Review: Hedda Gabler by Silent House Theatre (SH), Waco
by Michael Meigs

Ibsen's Hedda Gabler appeals to ambitious young theatre companies. Silent House (SH) Theatre in Waco just opened its second season with Hedda, almost exactly a year after the Broke Thespians in San Marcos did the same. The work has a relatively small cast and a single living-room set, and Ibsen created several characters of memorable depth, in addition to the titular Hedda, daughter of the late General Gabler. No less an authority than Wikipedia notes that "the title role of Hedda [is] regarded as one of the most challenging and rewarding for an actress even in the present day."


Valerie Davis, Devan Mays (photo via SH)It's easy to interpret Ibsen's late-career Hedda Gabler as feminist art. He presented it in 1890 and rocked the world with a pitiless portrayal of an intelligent woman trapped and stifled in a marriage undertaken largely to avoid being pointed to as a spinster. The famous, perhaps infamous final scene delivers a shock and terrible finality only made worse by the final line, "Good God! People don't do such things."


Perhaps a clearer example of feminism is Ibsen's 1879 A Doll's House, in which Nora turns her back on an equally stifling mariage and walks out, leaving husband, child, and an oppressive, thoroughly bourgeois existence. Hedda Gabler is a different spirit entirely. And a much more dangerous one, quite capable of brandishing her dead father's pistol, making threats, and even taking potshots in the garden.


Valerie Davis pushes further. Her Hedda is a fully malicious soul. She makes no effort to hide her contempt and unhappiness. Davis's delivery is articulate, unsympathetic, and unapologetic, almost like that of a Disney villainess. That concept, a collaboration of the actor and the director, is consistent and fully convincing. This Hedda may not be mentally ill—we can't be sure—but she is close to the end of her rope.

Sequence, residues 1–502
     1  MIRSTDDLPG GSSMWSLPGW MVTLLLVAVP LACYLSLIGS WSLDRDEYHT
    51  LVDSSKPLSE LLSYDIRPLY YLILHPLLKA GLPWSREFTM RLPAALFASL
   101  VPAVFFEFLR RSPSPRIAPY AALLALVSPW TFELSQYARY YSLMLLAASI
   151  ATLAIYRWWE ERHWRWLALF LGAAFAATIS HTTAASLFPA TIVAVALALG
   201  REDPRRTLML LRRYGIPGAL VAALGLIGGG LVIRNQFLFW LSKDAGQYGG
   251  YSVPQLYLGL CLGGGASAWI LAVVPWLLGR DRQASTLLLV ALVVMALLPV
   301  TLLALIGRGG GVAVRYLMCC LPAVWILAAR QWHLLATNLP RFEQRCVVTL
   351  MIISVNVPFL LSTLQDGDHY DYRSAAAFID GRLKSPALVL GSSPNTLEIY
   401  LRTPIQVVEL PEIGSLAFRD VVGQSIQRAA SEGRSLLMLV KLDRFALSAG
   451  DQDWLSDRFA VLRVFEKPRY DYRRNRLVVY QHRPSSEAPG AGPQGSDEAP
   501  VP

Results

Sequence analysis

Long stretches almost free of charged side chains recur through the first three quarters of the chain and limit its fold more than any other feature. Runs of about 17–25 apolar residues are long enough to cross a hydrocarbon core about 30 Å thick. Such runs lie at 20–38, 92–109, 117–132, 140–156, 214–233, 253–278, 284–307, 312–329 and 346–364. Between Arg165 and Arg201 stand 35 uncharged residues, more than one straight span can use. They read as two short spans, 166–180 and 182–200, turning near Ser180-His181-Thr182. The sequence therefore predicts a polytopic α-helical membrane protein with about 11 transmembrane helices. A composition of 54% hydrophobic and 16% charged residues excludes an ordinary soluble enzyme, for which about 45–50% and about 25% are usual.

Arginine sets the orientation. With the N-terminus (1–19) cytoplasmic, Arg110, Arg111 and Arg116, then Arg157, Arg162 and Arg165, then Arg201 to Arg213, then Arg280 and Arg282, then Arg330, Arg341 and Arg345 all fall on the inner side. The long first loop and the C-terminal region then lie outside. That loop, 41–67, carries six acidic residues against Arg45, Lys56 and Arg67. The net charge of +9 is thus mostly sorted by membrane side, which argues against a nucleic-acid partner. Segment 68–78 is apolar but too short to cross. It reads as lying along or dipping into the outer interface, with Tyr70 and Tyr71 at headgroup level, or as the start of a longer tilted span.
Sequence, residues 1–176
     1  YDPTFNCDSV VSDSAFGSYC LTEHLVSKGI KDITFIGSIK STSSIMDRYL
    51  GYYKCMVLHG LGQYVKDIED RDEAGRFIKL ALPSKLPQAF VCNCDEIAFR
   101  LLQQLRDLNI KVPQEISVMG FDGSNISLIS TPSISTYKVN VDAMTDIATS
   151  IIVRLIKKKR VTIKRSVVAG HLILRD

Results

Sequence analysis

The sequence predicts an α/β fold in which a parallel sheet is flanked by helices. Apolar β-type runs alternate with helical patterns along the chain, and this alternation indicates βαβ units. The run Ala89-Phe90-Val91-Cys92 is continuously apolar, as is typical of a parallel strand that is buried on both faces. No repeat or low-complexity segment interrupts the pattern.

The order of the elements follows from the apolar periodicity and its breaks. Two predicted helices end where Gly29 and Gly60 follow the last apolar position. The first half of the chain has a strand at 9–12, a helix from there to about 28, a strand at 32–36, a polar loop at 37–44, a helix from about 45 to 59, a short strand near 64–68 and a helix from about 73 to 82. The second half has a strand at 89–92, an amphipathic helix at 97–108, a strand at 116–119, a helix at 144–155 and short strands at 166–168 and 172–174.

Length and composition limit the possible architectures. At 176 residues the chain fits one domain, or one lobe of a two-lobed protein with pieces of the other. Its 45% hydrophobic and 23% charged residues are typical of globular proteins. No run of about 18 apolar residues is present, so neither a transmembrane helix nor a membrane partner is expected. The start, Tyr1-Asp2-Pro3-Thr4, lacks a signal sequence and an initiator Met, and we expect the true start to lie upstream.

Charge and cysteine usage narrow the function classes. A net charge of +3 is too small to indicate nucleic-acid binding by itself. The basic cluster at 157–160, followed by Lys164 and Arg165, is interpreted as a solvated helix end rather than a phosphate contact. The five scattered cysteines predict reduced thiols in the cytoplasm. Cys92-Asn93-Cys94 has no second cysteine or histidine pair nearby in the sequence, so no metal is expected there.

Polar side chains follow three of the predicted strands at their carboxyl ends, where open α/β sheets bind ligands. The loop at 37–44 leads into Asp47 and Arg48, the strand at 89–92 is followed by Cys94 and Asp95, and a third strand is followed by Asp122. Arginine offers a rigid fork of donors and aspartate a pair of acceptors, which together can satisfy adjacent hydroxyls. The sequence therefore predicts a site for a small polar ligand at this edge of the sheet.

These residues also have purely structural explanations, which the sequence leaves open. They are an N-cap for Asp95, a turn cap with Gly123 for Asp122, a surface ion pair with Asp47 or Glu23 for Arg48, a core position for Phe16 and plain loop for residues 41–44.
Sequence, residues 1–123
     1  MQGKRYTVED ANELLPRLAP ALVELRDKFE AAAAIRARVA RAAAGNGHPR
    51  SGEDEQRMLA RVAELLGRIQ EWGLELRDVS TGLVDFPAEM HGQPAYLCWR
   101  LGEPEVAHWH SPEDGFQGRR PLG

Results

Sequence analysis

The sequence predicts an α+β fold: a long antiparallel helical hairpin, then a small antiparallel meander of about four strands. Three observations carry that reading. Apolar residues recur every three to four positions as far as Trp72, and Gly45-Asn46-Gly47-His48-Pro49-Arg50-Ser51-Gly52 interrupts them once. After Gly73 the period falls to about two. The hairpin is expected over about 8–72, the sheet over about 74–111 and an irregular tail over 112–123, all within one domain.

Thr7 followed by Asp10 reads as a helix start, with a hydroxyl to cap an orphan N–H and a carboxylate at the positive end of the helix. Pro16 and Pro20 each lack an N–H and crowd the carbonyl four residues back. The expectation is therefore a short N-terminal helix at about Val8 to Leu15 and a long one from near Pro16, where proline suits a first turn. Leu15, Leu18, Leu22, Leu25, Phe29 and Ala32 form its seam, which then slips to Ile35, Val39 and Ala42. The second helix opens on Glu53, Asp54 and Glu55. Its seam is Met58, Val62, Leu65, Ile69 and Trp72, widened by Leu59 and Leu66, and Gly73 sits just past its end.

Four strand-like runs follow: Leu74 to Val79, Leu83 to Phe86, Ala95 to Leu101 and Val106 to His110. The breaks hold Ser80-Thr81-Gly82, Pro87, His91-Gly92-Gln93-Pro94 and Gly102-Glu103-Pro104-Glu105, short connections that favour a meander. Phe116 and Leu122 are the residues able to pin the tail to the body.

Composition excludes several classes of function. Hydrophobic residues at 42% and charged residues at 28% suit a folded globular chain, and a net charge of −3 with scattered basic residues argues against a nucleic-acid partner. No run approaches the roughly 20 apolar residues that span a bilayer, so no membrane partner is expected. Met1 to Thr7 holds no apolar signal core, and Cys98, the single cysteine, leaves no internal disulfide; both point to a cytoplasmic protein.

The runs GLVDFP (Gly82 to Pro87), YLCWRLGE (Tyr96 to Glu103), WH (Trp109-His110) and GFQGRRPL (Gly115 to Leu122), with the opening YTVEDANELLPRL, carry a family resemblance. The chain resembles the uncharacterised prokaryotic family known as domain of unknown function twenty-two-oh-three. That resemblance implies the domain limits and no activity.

The roots of Hedda's character are smoothly laid out by the playwright. Hedda and her scholar-husband George return from a six-month honeymoon. Hedda deftly insults Aunt Julia Tesman, who's all flutter in expectation of a Tesman offsping, and sends her away. Avuncular Judge Brack gets contrasting recaps from the spouses. The storyline is further enhanced by the sudden appearance of Thea Elvsted, a half-remembered acquaintance from Hedda's school years, who's running from an oppressive marriage and naively pursuing Hedda's own old flame EIlert Løvborg.


The Silent House staging sets characters who are perceptive against those who are largely unaware. Hedda and Brack know exactly who they are. Hedda's deeply disaffected, bored and angry, fierce in her rejections, ready to torment others. Brack's deeply cynical, a manipulator and a patently immoral bon vivant. Bill Selby as Brack has impressive control of that character. Brack and Hedda deserve one another, almost like characters in a well-crafted graphic novel.


Bill Newby, Valerie Davis (photo via SH)


Jeanette Faye as runaway Thea Elstedt is sweetly innocent, unaware of Løvberg's debauched past or his smouldering, unconsummated affair with Hedda. Becky Fox as Aunt Julie and Kaleigh Huser as Berta the maid are peripheral, serving to some extent to ventilate the intensity of the main story.  Devan Mays has a harder task: playing George Tesman, the sincere, worrried, and largely clueless husband to Hedda. It's heart-breaking (and perplexing) to see him fail to read Hedda and Brack. Ibsen doesn't make it easy for him, for George is so full of the milk of human kindness that he's blind to evil.